History Lives On

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History Lives On

Students push bins to the entrance of McCormick Hall.

Students push bins to the entrance of McCormick Hall.

Photo by Courtesy of Department of Special Collections and University Archives, Marquette University Libraries

Students push bins to the entrance of McCormick Hall.

Photo by Courtesy of Department of Special Collections and University Archives, Marquette University Libraries

Photo by Courtesy of Department of Special Collections and University Archives, Marquette University Libraries

Students push bins to the entrance of McCormick Hall.

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Within the three years Laura Klinger, a hall director for university apartments, has been working with Marquette University, she says she has seen numerous changes to residence life.

“We’ve seen a lot of changes and developments with the President’s beyond Boundaries plan,” she says, referring to The Commons and Marquette’s acquisition of the Marq in 2017.

To William O’Brien, a research analyst and knowledge officer for university advancement, Marquette residence halls are incredibly different from the university’s beginning. 

He focuses on university history and sends weekly emails to faculty called “Old School” where he covers different aspects of the history on campus.  

When Marquette opened in 1881, he says, only Jesuits lived there. All students were commuters as there were no residence halls. 

O’Brien says it wasn’t until the 1950’s when Marquette started acquiring and building more residence halls. 

Straz Tower, Carpenter Tower, Cobeen Hall were purchased rather than built by the university. 

McCormick Hall, a former residence hall, is a more tangled story, O’Brien says. 

In the first year it was built, McCormick was simply referred to as “Dormitory One”. 

Victor McCormick, an alumnus of the Marquette law school, became the namesake of McCormick Hall after pledging $2.5 million to the building — but he never actually gave the money.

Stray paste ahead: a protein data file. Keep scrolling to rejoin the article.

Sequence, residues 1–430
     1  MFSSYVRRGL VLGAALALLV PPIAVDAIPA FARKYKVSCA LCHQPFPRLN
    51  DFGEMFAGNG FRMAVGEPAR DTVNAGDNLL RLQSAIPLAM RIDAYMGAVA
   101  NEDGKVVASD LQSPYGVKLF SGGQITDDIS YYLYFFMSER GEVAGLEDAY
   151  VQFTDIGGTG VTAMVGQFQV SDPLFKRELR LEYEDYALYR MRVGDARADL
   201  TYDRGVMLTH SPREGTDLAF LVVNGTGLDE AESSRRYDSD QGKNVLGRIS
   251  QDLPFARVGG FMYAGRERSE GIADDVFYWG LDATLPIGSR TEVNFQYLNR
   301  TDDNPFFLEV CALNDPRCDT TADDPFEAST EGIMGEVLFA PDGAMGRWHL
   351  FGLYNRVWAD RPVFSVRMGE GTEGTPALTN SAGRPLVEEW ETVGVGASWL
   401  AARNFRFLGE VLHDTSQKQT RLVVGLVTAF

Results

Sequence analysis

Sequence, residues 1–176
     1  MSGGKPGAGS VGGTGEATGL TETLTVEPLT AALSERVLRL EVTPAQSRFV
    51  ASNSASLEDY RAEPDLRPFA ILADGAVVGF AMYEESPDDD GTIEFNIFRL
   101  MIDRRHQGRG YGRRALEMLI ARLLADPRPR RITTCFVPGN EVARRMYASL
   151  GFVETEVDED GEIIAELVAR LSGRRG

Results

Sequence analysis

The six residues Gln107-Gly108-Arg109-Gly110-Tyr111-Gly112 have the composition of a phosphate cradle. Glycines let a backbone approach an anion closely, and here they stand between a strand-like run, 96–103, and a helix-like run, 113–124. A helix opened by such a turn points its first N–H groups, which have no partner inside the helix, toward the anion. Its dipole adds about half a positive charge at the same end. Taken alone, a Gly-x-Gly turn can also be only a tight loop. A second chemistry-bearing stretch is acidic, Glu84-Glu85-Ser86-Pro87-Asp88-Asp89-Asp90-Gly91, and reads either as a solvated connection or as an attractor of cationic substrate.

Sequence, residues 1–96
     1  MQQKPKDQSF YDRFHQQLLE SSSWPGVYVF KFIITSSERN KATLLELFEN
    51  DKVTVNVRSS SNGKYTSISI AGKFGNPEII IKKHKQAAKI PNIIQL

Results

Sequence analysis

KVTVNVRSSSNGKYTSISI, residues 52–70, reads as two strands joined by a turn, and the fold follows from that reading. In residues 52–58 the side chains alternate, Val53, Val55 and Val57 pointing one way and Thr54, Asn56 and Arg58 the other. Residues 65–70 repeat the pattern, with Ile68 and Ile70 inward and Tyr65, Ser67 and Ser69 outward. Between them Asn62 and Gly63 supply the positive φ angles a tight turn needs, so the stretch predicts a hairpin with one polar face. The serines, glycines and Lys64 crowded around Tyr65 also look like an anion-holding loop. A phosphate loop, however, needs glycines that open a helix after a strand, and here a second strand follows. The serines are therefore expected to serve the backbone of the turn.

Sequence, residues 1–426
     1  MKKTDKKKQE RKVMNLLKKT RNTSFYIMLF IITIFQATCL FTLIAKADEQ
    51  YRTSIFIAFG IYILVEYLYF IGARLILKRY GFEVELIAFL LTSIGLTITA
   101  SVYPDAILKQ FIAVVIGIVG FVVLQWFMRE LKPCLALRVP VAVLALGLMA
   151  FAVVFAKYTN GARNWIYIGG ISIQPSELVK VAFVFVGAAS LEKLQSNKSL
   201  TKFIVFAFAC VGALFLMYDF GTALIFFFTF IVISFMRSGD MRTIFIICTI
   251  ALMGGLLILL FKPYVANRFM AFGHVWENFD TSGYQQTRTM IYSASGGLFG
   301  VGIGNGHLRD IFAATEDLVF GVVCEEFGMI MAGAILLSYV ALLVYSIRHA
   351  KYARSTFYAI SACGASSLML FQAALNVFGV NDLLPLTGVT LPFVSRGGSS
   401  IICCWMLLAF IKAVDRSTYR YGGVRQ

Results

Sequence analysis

The university kept the name in hopes he would eventually come through. 

“For the whole of his life, even once his financial affairs became so tangled … we were hoping it would come out of his estate,” O’Brien says.

McCormick was also originally meant to be two towers, with a bridge connecting at the eighth or ninth floor. 

“It would’ve looked like a big pair of binoculars,” O’Brien says. 

Women’s residence halls were especially uncommon on Marquette’s campus, as women were not incredibly valued at Marquette due to a much larger male population, O’Brien says. 

The Alumnae Association, which was an association for women who graduated from Marquette, owned residences of their own, such as the Alumnae House and Lisette. 

Alumnae House was near where Aurora-Sinai hospital is now. The Alumnae Association used it until the 1960s. 

After being used as a residence hall, it became the journalism school for about five years. From there, Marquette sold it, O’Brien says. 

Peg Fennig, Class of ’53, lived in Lisette, the other women’s residence hall owned by the association. It was located at 32nd and Highland Streets, far from campus. 

Since the Lisette residents lived so far from campus, Fennig says they were expected to take the bus to class. However, she says most of them hitchhiked with other students on campus.

Lisette was also a mansion, she says, with huge rooms. 

“It was just incredible,” she says. “It had the most gorgeous hallway when you entered. The hallway was probably larger than many homes.”

She says living there felt magical. During the holidays, the residents decorated the hallways with garland and other decor. 

“Walking down that at Christmas time … that was the most gorgeous I’ve ever felt in my life,” she says. “It was just amazing.” 

She says she is still in contact with many women who lived there, and the people she met there are “friends of (her) lifetime.” 

The university eventually built a residence hall for women in 1953, known as O’Donnell Hall, which remains on campus today. O’Donnell has switched from all girls to all boys over the years and became co-ed in 2016.  

Lois O’Brien, a 1977 graduate says her time at Marquette was very different than what it is like now, mentioning the former underground walkways under busy streets. 

“(Marquette) was a different world,” she says. 

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